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July 21, 2016

PA appropriation up 2.5%

State legislators increased Pitt’s appropriation to $146.77 million for the fiscal year that began July 1. The funding includes $144.21 million for general support and $2.56 million for rural education outreach.

The larger appropriation, approved by the governor July 13, reflects a 2.5 percent increase in support for higher education in fiscal year 2017, including Pitt and its state-related counterparts, Penn State, Temple and Lincoln universities.

Paul Supowitz, vice chancellor for Community and Governmental Relations, said: “We’re very pleased, despite a tight budget year, that there was a commitment to try to address public higher education funding in Pennsylvania.”

In addition to the University’s appropriation, Supowitz noted an increase in academic medical center funding in the state general fund budget. With its federal match, an additional $500 million in academic medical center funding for Pitt in the state general fund budget will mean an increase of $1 million for Pitt’s medical school, bringing state support to approximately $12.14 million, he said.

When Pitt made its annual appropriation request last fall, it sought an increase of nearly 10 percent, including $168 million for general support and rural education outreach. (See Oct. 15, 2015, University Times.)

University Senate President Frank Wilson told the University Times he is glad legislators finished Pennsylvania’s FY17 budget in a relatively timely way.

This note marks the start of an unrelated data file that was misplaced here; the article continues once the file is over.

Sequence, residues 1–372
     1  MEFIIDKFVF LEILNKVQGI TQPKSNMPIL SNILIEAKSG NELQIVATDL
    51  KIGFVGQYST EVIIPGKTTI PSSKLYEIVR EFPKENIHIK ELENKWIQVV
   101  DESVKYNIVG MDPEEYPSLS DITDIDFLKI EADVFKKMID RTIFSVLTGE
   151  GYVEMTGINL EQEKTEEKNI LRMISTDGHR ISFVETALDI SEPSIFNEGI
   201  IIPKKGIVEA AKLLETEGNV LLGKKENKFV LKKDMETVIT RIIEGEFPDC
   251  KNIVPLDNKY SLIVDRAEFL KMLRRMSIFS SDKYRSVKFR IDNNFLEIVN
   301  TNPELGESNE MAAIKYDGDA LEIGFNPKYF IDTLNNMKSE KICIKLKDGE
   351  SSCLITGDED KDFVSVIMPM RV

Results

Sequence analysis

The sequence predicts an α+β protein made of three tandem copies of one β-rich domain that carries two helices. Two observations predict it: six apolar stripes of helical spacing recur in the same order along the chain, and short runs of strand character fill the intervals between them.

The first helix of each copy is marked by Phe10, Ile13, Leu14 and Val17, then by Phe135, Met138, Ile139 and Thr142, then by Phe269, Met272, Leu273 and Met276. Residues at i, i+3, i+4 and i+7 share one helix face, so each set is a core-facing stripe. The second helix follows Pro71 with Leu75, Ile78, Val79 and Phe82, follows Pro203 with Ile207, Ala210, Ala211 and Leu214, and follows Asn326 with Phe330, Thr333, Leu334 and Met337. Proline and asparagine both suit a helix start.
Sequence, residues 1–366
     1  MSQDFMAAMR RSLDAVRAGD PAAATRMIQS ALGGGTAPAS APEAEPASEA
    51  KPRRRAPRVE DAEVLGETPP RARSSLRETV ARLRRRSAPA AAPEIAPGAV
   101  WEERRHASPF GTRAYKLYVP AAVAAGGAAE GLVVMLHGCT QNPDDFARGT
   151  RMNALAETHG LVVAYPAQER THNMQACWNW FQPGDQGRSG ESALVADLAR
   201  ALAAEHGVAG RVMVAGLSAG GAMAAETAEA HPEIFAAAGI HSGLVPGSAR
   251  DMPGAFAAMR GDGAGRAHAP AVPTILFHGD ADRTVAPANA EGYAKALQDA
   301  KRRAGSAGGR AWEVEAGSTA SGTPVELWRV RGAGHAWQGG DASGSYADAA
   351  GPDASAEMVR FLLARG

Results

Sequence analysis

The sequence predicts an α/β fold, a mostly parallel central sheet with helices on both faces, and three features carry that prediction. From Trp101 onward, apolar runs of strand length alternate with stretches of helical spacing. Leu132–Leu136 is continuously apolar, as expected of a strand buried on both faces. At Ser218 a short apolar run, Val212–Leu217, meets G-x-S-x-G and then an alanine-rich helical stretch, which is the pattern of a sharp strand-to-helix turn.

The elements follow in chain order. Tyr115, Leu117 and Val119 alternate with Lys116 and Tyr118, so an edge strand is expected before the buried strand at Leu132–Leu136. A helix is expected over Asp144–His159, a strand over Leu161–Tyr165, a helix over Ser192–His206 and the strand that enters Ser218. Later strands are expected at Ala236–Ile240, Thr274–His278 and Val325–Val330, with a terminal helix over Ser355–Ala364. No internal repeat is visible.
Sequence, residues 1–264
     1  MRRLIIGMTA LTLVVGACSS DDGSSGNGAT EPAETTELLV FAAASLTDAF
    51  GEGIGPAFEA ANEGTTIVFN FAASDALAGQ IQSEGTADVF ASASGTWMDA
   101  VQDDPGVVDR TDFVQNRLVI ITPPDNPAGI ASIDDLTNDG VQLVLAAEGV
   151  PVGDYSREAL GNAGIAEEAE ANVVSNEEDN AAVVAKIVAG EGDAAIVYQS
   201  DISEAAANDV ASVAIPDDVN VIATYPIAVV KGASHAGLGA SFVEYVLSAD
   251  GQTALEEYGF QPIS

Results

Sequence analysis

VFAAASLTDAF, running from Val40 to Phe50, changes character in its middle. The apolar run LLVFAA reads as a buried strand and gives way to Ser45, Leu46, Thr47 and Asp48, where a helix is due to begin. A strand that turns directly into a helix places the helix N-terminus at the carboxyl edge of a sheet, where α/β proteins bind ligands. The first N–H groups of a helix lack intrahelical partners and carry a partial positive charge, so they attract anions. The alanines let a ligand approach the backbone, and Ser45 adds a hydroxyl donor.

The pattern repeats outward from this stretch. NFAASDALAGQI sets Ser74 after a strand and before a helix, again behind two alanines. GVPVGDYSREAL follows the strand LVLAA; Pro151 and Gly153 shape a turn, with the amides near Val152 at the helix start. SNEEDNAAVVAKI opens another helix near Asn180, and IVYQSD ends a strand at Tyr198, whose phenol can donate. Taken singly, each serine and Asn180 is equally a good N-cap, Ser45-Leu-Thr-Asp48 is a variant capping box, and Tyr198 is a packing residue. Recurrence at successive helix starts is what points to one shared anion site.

Last year’s lengthy state budget impasse kept Pitt’s from setting its own budget until December, and held up FY16 appropriation dollars until April. (See April 28 University Times.)

“I will say that I have serious concerns about the way they decided to fund it,” Wilson said. “I think there’s smoke and mirrors involved in this; there’s some overestimation of the revenues from sin taxes and I think that we still have a long-term struggle. This is going to repeat itself over and over, year after year, especially if these kinds of approaches don’t work out. And they can’t go on forever,” he said, expressing concern in the long term for the effects on Pitt’s state funding.

“The legislature needs to be honest about how they feel about the role of higher education in Pennsylvania,” he said.

“I think they avoid that discussion year after year. It’s been playing out in a particularly ugly way over these last few budgets and I don’t see that changing,” he said, adding that ongoing uncertainty over state support affects Pitt’s ability to set its own budget plans. “It’s difficult to do when you have no idea what they’re going to come up with.”

—Kimberly K. Barlow 

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